Additionally, Sinadinos unlawfully transferred an equity interest in a Vintage parcel in exchange for a settlement and release of claims by Surjit Johl, Baljit Johl, and Harinder Johl. (Id. at ¶¶ 180-183.) Although Solorio informed Baljit and Harinder Johl that the transfer of the equity interest in the parcel could not occur without Natomas' consent, the Johls nonetheless proceeded to execute the release with Sinadinos. (Id. at ¶ 185.)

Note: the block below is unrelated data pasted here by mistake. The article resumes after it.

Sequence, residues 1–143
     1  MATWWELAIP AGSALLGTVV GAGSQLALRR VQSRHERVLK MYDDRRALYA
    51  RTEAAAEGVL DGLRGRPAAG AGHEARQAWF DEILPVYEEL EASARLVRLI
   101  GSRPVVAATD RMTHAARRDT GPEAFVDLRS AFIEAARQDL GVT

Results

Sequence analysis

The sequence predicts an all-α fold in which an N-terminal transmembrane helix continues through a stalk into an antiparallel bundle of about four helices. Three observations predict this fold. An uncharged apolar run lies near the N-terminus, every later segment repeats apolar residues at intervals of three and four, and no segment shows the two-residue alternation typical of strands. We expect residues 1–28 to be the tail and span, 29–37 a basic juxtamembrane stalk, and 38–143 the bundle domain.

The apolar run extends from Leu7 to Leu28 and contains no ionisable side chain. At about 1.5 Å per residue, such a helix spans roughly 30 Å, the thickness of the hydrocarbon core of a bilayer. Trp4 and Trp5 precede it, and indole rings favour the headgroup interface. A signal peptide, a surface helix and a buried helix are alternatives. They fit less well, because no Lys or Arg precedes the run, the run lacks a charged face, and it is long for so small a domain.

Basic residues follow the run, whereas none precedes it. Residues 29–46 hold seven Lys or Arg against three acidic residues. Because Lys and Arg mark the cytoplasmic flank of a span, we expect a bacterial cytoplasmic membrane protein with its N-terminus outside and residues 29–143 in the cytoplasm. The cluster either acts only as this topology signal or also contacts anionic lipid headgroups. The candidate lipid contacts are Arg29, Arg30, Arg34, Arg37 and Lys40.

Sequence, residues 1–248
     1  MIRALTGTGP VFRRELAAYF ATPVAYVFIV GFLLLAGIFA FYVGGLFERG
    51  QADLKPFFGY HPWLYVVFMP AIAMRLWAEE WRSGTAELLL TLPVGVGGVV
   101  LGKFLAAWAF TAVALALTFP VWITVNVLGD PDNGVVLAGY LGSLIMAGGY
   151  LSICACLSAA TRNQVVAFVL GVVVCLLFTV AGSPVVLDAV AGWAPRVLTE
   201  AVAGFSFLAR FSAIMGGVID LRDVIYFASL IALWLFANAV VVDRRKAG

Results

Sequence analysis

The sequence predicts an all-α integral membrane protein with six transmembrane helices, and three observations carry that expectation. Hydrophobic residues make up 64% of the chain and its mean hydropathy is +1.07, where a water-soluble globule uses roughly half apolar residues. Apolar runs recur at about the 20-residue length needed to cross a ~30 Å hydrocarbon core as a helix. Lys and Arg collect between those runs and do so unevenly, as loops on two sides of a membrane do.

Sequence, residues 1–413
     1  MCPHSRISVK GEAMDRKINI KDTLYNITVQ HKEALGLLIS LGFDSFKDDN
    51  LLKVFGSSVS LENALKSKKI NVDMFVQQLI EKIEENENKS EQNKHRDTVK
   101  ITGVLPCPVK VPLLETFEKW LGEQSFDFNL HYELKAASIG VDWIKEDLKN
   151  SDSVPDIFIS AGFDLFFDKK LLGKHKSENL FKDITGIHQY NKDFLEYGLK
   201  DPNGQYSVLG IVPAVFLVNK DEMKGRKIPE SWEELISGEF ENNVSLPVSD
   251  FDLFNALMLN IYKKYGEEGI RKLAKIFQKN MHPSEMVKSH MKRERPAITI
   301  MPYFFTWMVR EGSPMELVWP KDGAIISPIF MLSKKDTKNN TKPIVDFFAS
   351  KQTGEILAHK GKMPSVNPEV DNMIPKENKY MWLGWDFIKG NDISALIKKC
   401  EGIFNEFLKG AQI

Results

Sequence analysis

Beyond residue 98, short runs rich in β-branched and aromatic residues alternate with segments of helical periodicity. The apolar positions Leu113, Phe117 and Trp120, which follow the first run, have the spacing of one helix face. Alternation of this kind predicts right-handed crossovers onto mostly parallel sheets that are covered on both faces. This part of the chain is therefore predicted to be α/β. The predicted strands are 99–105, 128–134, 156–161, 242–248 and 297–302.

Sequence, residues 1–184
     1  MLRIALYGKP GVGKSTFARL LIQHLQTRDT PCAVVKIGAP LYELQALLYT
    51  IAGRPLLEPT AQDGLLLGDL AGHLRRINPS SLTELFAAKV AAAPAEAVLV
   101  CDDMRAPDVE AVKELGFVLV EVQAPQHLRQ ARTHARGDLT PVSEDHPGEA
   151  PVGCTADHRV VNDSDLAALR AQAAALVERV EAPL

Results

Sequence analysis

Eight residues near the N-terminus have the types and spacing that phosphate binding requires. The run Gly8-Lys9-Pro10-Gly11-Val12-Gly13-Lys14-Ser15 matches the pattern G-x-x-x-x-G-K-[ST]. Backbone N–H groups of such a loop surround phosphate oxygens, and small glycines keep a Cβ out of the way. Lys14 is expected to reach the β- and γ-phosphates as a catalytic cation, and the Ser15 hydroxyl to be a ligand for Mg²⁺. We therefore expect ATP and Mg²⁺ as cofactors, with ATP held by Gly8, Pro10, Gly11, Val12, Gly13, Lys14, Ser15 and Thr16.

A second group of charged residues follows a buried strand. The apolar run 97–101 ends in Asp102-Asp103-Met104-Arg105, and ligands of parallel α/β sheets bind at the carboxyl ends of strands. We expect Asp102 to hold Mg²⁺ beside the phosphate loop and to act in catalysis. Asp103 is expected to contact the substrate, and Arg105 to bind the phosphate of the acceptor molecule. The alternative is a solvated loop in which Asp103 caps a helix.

Sinadinos and his co-conspirators also engaged in fraud to lure new investors to contribute capital to Village and Vintage. (Id. at ¶¶ 123-135.) Although Sinadinos and his co-conspirators were aware that Village and Vintage were doomed to financial failure due to the conspirators' self-serving financial dealings, they informed potential investors that Village and Vintage were financially viable projects. (Id.) The first such defrauded investor was Margarida Leavitt ("Leavitt"), who was referred to Sinadinos by Foondos, Leavitt's attorney. (Id. at ¶¶ 123-125.) Sinadinos and his co-conspirators used part of Leavitt's $1.2 million investment to purchase an equity interest in a parcel associated with Vintage, and the remaining amount to reimburse their prior investments without reducing their stated capital accounts. (Id. at ¶ 127.) Sinadinos and his co-conspirators engaged in a similar fraud to acquire investment proceeds from the Vathis family. (Id. at ¶¶ 128-135.)